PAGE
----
November 26, 2020

Walter Brueggemann: True Self-Denial

He called the crowd with his disciples, and said to them, “If any want to become my followers, let them deny themselves and take up their cross and follow me. For those who want to save their life will lose it, and those who lose their life for my sake, and for the sake of the gospel, will save it. For what will it profit them to gain the whole world and forfeit their life?”

• Mark 8:34–36

• • •

Jesus’ words are stark and starchy. Let them deny themselves. The saying is loaded and dangerous and has often been misunderstood. In more pietistic and moralistic church traditions, it is often understood as saying “no” to something you really want a lot, of foregoing something you deeply enjoy—like giving up ice cream for Lent, or meat on Fridays, or movies on Sundays . . . perhaps not in themselves bad disciplines, but not the point of Jesus’ saying. The call to discipleship is not a program to make us feel bad or impoverished or uncomfortable. Or pressed more deeply, to deny self is taken too often to mean you should have some self-hate, feel bad about yourself, ponder your failure and your guilt, and reject your worth. But that is surely not what Jesus is talking about.

Rather, he is talking about coming to see that God—the generous creator who gives good gifts—is the center of your life and that the self-taken-alone does not have the resources or capacity to make a good life. To deny self means to recognize that I cannot be a self-starter, cannot be self-sufficient, cannot be self-made or self-securing, and that to try to do so will end in isolation and fear and greed and brutality and finally in violence. It will not work because we are not made that way. It will not work even if all the consumer ads tell us to have life for ourselves. You cannot have the life you want that way.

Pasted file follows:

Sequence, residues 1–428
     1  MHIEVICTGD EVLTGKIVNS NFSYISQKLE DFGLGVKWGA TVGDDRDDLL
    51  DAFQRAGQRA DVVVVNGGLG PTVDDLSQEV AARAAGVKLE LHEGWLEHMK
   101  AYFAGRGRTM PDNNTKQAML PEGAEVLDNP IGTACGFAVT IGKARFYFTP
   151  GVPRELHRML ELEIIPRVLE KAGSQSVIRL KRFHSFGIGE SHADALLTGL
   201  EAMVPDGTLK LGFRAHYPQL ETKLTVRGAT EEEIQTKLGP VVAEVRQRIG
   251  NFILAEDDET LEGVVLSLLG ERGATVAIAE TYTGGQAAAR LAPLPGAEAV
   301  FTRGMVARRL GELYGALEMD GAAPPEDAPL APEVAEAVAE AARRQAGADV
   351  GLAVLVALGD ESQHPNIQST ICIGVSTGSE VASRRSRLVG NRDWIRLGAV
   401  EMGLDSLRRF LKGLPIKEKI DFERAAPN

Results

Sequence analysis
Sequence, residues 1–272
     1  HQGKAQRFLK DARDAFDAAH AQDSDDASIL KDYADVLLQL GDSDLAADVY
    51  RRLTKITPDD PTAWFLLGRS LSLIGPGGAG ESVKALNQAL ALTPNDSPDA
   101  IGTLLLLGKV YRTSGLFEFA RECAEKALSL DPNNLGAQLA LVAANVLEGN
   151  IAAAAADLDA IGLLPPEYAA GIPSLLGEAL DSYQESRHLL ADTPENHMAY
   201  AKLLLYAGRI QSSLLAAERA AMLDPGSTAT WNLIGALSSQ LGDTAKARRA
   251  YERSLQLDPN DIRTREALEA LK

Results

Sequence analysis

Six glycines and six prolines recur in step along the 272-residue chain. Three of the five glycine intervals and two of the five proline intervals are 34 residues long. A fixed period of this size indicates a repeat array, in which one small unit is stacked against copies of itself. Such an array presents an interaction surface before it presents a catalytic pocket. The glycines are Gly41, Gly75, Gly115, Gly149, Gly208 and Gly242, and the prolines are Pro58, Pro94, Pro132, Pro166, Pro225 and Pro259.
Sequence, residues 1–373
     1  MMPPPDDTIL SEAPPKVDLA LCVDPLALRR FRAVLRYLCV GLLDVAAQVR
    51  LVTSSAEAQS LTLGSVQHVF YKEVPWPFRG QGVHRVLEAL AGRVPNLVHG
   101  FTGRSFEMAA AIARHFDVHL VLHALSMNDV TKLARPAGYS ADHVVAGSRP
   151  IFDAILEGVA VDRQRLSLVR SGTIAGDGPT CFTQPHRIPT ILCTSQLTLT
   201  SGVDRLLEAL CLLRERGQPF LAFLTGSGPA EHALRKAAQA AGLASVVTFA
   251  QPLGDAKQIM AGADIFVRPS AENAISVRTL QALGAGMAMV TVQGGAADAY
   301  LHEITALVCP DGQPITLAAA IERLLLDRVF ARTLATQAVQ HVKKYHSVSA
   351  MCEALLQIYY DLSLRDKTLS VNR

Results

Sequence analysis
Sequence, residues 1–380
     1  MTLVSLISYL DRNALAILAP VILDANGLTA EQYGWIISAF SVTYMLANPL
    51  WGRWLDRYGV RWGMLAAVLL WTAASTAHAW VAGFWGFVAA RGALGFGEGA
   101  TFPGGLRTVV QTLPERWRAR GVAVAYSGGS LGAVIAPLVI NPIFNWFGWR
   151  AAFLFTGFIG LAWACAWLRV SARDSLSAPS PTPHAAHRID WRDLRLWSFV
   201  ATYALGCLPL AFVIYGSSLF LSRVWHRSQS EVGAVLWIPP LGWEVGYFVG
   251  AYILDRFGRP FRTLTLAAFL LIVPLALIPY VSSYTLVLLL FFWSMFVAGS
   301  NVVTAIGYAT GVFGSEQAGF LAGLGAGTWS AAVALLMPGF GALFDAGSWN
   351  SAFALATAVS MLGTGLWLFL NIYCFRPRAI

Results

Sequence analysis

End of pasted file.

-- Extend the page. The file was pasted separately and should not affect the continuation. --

The alternative to self-focus is to move one’s attention away from self to know that our life is safely and well held by God, who loves us more than we love ourselves, to relish the generosity of God and so to be free of the anxieties and needs and hungers of those who are driven by a mistaken, inadequate sense of self. The self who is denied is the self who is received from God and given back to God in obedience and praise.

God at the center of our lives, our true life is found only in you. May we let go of all that is not life, all that is not you, that we may live in that freedom granted through the cross. Amen.

From: Brueggemann, Walter. A Way other than Our Own: Devotions for Lent (pp. 28-29). Presbyterian Publishing. Kindle Edition.


  1. –> “…deny themselves…”

    One of Jesus’ quotes that’s most likely to be twisted and manipulated into something that becomes unhealthy for the common believer. Beware the preacher who uses this as a guilt-stick.

    • Do you like something? It’s an idol in your life. Deny yourself. You just don’t want God enough. You must love your sin. Why do you want to hurt God.

      Imagine how many years I heard that message, verbatim.

      Oh you just misunderstood.

      • That’s both crazy and sad, Stuart. Some of the stuff done in His name??? Well, Jesus would be rolling over in his grave if he was still there.

      • “Do you have a natural gift? Something that you’re good at? You should go down to the bottom of your garden and dig a deep hole and bury it! God doesn’t want you doing anything in your own strength!”

    • Headless Unicorn Guy says

      In Medieval and Renaissance times, this was called “Mortification”, and became a “Can You Top This?” to show how Spiritual you were. Hair shirts, whips, gargling lye…

  2. ‘selflessness’ can also mean something positive, something ‘giving’ and nourishing

    volunteering in a setting where no one else wants to go is one way to ‘come down’ from that place where we are so unaware of the needs of others

    there are a thousand ways to ‘deny’ ourselves during Lent, but if we give of ourselves freely in service to those who need help, a balance is restored in us that calms and strengthens

    stop the ‘giving up’ with its semi-pious self-pitying;
    and start ‘giving of self’ and see the difference it makes